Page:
Over the snowy weekend the Wife caught a few hours of the documentary Woodstock Revisited. I watched about as much of it as I could stomach given my feelings about hippies in general and the Baby Boom Generation in particular. Members of my Generation X, the generation that followed the Baby Boomers, have always lived in the shadow of their more numerous (and interesting at least according to the Media) elders – siblings and in many cases parents. While the Baby Boomers had The Graduate and Woodstock, Gen X’ers had John Hughes movies and Duran Duran. Yep we drew the short-stick pop culturally there.
The Woodstock Revisited movie ended with a crescendo, as if all along the purpose of the Baby Boomers was to do one thing: elect Barack Obama to the presidency. Those interviewed waxed poetically about the similarities between tripping on acid in the New York mud as teenagers and sipping lattes in the DC cold as AARP members. I’m serious, if you watch the documentary you would think that the culmination of the Hippie Ideals of the 1960s was to elect Barack Obama to the presidency. And here all these years I thought it was to fornicate freely, smoke dope and listen to 20 minute long drum solos.
That got me thinking. Was Students for a Democratic Society fighting to elect a black man president? I thought they were fighting to end capitalism and institute communism to join their brothers in the Soviet Union in creating an international workers paradise. The SDS despised liberal democrats like Barack Obama because they were part of “the System” and “the System” needed to be smashed. But Systems tend to be resilient, and in the 1970s the System had not been smashed, while the SDS discovered disco, cocaine, and in some cases, the warm, lucrative embrace of Academia.
Barack Obama isn’t a member of the Baby Boomers. At the time they were getting stoned and changing the world, he was playing with Legos in Indonesia. Obama was a nobody until 2000, so why had the Baby Boomers waited so long?
After all they had plenty of chances. Tom Hayden, a former SDS leader, was their man – yet the pinnacle of his career was marrying Hanoi Jane. Fonda herself never even attempted a career at politics after playing NVA ack-ack gunner in Hanoi. Abbie Hoffman? He got thrown off the stage at Woodstock by Pete Townsend in a brotherly display peace and love, that is if one’s brother is prone to stabbing one in the back with a guitar while shouting expletives. Jerry Brown? Ruined by his relationship with Linda Ronstadt or all the dope he smoked it’s difficult to say which. The closest the Boomers ever came to electing one of their own was John Kerry in 2004, and we all know how well that turned out.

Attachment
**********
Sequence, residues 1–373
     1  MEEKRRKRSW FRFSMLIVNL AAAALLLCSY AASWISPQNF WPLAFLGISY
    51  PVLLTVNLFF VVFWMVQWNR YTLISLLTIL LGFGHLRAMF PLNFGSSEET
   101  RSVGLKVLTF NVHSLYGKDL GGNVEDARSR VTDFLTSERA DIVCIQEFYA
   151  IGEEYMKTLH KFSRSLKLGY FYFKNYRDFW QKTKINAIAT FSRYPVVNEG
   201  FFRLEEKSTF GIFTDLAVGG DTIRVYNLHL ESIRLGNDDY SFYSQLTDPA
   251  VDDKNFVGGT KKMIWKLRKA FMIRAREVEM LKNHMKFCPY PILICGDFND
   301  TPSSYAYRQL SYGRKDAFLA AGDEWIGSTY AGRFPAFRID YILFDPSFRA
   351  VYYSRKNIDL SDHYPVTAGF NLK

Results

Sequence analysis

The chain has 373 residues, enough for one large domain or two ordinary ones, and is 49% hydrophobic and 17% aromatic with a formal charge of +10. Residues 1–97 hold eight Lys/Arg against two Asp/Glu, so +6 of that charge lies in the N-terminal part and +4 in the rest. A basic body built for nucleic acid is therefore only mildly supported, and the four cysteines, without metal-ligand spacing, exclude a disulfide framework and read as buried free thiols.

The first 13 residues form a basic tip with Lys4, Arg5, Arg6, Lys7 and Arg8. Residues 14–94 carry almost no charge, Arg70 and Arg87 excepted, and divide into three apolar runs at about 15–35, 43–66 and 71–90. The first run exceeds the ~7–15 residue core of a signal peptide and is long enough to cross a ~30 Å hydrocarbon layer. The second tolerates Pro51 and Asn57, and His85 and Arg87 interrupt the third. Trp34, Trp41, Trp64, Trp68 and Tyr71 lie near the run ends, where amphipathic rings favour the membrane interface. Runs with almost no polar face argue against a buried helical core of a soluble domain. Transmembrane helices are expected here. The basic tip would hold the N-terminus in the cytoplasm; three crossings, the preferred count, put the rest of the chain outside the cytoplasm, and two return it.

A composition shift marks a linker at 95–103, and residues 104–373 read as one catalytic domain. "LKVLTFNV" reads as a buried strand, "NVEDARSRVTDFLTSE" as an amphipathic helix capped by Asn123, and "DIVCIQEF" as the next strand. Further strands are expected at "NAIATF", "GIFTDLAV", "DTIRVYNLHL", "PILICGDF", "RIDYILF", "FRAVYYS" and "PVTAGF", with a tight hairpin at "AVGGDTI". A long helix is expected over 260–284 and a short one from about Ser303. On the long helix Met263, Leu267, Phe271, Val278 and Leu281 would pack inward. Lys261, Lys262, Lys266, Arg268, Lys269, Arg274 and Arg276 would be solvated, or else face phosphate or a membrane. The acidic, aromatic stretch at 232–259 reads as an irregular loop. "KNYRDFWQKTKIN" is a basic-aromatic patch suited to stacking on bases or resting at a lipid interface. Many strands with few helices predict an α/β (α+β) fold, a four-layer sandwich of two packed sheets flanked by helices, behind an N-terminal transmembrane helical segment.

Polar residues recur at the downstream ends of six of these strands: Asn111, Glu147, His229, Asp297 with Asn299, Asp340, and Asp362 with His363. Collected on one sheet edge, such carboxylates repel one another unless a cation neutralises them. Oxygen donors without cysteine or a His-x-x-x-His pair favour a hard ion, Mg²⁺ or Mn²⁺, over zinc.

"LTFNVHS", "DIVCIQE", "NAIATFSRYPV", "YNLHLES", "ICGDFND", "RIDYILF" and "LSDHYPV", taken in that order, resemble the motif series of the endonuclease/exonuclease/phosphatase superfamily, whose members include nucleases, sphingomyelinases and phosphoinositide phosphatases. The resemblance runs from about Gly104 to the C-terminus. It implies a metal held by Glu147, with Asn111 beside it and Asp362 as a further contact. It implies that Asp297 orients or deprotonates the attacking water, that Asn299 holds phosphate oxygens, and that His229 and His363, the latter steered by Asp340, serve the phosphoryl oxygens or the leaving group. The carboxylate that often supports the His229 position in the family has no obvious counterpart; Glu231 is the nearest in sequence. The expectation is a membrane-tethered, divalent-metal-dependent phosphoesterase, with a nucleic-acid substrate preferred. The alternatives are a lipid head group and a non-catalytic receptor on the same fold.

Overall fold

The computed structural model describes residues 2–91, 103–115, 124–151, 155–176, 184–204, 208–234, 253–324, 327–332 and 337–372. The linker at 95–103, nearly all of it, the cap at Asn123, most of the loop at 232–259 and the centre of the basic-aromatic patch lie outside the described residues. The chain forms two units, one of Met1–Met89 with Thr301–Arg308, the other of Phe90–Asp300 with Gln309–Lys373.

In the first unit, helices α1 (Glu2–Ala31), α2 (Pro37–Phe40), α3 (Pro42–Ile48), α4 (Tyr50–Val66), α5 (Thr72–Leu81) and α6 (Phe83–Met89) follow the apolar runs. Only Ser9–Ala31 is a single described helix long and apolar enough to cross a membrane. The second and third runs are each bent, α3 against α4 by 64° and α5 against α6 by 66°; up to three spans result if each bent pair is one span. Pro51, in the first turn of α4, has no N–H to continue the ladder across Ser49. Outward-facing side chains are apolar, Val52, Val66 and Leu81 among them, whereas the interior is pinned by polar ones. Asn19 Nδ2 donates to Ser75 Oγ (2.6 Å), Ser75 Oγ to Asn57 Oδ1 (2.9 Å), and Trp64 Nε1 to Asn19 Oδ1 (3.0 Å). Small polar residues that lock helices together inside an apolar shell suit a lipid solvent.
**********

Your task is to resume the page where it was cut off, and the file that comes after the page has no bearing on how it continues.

So how could the Boomers claim credit for Obama? Because for the past 60 years everything has always been about them. Vietnam? About them. Civil Rights? Ditto. Disco? Yep. Reagan’s America? Wait… Clinton’s stained dresses? Well…
So maybe Obamacare’s death panels and medicare cuts for the care of the elderly isn’t such a bad idea after all. Hell, maybe the Democrats should institute a form of Logan’s Run: Hold another Woodstock for 60 year olds and spike the brown windowpane viagra and boniva with strychnine. That will hold down medical costs and provide jobs burying the dead.——-
The only thing more annoying than the Baby Boomer generation is the myth that there is such a thing as a generational voice. I have sisters who are Boomers and were hippie-types, and their politics varies from the neo-socialism of liberation theology to Ayn Rand’s free market ideal. The whole idea that a group of people can agree on something simply because they happened to be born within a few years of each other in the same country isn’t borne out by history. The same generation that claims credit for electing Obama today placed Reagan in office not once but twice starting 29 years ago. The age profiles of the political parties are roughly the same. From a 2004 study:
In addition to its lead among older Americans (those age 65 and older), the Democratic party holds a clear edge among the early Baby Boomers people in their middle 40s to late 50s. But younger Baby Boomers and those in Generation X (roughly ages 30-44) are somewhat more Republican… The parties are virtually even among the youngest cohort of citizens today.
The very idea of generational similarity was created by marketing departments and journalists looking to create stereotypes and oversimplifications so that they could sell stuff to and stories about millions of people. But the theory breaks down as soon as you look at the data; people are just more complicated than that.
So while I may treasure my 80’s music while my son listens to the crap that passes for music today on his iPod, the truth is that this concept of generations has been overblown – especially when it comes to politics. The elderly hippies from Woodstock Revisited might be patting themselves on the back for electing Obama, but my youngest sister, the Randian who went through her hippie phase that same year, is cursing them.